First Congregational Church, Searsport, Maine, built in 1834. It is Greek Revival in style. The Congregational Society in Searsport gathered on October 4, 1815 with sixteen members including a minister. The Society erected the first of its two buildings, the Harbor Church, in 1819 at Searsport Harbor, about one mile east of the present village. As the center of the community life moved into the village, the Society abandoned its church and built on Townhouse Hill, the present site, in 1833. A bell cast at the Revere Foundry in Massachusetts was installed in the church's steeple.
The Eastern Steamship Company's Bangor division 1903 brochure includes the schedule, fares, vessel layout, and a route map for the two steamships that sailed from Boston to Bangor, by way of Rockland, Camden, Belfast, Searsport, Winterport, and other Penobscot Bay and River ports on the way to and from Bangor. This was the summer schedule valid from May 4 to October 31, and it included stops in Northport from June 22 to September 5. With two boats, the City of Bangor and the City of Rockland, the company could provide daily service.
Inside parlor of a Searsport house, possibly that of the photographer, Frederick R. Sweetser. It shows some of the decorative styles of the late 19th century and the types of items brought back home from far-away ports.
The sardine industry was very important in Maine, along with the businesses of making sardine cans and canning sardines. By 1910, there were more than thirty sardine canning businesses in Maine, and each had at least one "line" of sardines, some sardines being cut up into steaks, whole herring, or other snacks.
There must have been hundreds of waterpowered saw mills in Maine. It does not take much water to run one. Here Belfast photographer, undertaker, and chronicler of his town, Charles R. Coombs, caught this small mill on the Goose River in Belfast, just off Swan Lake Avenue. It was then run by Dan Robertson.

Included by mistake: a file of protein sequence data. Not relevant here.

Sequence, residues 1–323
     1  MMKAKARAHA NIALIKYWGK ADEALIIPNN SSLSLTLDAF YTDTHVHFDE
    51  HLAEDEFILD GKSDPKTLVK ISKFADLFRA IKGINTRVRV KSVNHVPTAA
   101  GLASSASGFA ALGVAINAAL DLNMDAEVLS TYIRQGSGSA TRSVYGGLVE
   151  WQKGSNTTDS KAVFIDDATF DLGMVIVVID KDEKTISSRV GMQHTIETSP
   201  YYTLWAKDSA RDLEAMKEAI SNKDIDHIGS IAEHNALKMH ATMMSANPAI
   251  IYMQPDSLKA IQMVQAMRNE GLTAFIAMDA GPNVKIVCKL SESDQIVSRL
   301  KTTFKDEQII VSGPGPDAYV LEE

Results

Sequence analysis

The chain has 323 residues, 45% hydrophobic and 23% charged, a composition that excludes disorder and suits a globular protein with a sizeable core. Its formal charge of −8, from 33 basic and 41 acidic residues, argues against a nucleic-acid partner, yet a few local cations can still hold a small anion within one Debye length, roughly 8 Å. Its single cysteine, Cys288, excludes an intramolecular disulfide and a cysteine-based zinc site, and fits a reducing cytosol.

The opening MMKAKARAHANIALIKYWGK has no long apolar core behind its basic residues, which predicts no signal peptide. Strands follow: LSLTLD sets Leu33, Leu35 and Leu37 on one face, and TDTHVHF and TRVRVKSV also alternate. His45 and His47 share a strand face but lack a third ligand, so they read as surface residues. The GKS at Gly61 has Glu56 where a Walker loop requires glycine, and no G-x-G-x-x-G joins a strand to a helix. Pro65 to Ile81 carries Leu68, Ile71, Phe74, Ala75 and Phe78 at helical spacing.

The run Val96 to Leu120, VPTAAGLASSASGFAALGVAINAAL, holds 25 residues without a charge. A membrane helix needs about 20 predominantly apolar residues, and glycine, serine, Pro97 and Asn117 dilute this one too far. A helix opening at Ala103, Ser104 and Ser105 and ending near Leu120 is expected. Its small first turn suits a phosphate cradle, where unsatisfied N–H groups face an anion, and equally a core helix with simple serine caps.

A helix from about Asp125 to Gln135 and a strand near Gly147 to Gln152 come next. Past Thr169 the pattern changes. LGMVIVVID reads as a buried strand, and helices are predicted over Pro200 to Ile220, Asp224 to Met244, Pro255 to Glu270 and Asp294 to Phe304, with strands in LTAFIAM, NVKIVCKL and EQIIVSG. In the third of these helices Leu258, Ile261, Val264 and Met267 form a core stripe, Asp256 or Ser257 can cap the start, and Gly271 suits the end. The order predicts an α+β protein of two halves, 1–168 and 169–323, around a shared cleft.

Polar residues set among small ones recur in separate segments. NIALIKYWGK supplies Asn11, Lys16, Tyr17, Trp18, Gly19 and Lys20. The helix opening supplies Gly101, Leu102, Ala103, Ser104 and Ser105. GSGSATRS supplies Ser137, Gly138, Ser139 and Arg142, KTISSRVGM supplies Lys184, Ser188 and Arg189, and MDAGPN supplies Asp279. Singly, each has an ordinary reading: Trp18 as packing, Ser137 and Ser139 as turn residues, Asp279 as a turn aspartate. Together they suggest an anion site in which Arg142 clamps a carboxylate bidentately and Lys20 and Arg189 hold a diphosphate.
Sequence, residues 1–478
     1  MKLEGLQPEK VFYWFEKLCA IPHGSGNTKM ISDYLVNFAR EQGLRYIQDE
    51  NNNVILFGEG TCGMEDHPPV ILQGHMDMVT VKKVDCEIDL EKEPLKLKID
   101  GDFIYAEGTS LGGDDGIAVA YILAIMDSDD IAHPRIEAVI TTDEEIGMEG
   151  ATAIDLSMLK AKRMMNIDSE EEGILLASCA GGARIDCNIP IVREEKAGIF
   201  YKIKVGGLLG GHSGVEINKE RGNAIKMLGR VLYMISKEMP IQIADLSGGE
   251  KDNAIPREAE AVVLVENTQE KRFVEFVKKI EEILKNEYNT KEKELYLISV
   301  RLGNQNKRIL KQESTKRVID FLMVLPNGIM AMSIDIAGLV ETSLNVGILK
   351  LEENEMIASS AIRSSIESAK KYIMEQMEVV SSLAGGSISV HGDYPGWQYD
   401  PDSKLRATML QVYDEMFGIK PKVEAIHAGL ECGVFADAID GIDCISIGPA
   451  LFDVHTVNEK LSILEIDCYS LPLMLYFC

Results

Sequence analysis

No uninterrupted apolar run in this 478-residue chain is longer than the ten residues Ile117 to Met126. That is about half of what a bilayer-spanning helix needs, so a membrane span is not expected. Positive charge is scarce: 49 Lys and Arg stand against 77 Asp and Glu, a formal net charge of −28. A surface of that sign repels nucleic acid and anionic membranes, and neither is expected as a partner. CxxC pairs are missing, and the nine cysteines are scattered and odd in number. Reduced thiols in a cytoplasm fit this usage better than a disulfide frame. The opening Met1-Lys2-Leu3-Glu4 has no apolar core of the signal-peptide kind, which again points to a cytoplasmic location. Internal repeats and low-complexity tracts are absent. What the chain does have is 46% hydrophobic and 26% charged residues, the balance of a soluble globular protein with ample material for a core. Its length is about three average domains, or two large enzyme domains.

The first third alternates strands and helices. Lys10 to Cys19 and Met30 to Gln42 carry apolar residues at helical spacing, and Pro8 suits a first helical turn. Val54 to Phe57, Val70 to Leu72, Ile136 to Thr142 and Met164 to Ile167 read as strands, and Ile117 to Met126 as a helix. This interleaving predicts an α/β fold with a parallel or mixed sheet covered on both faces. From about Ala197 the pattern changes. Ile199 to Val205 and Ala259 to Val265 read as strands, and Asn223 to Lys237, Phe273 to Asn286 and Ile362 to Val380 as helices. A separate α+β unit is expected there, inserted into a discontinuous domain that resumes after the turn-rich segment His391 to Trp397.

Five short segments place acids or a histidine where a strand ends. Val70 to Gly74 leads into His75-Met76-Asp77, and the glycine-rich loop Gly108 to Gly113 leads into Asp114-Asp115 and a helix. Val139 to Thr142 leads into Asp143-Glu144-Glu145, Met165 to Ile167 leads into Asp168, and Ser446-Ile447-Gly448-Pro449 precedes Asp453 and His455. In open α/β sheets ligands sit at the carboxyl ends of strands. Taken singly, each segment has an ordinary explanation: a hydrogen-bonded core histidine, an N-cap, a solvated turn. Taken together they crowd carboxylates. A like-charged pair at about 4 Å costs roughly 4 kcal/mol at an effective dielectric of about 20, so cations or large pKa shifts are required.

Hay was a very important export from Belfast. In 1887, Belfast shipped out 11,000 tons of hay, much of it coming from interior sections of Waldo County. Hay was just about as important then as oil is today, as it provided the "fuel" for horses in big cities like Boston and New York before there were automobiles and trucks.
Here a two horse team pulls a hay wagon on which two men stack the hay tossed up by two others with pitchforks, somewhere in Waldo County.
Shubael Watson created this account book for his store in Arundel, Maine in the 1740s, then brought it with him to Naskeag, now Brooklin, in 1763, shortly after the French left that part of Maine after the loss of the French and Indian War.
The account book shows the sorts of items bought and sold in that period. Molasses, rum, pork, meal (flour), and nails were some items listed for a John Staples in his account for 12 March 1770. This also includes expenses for a trip to Salem.
Map of eastern New England, showing English and French settlements up to 1640.
From book, The Lobster Coast: Rebels, Rusticators, and the Struggle for a Forgotten Frontier by Colin Woodard, published by Viking in 2004. Map drawn by Jojo Gragasin. Map used by permission of the author.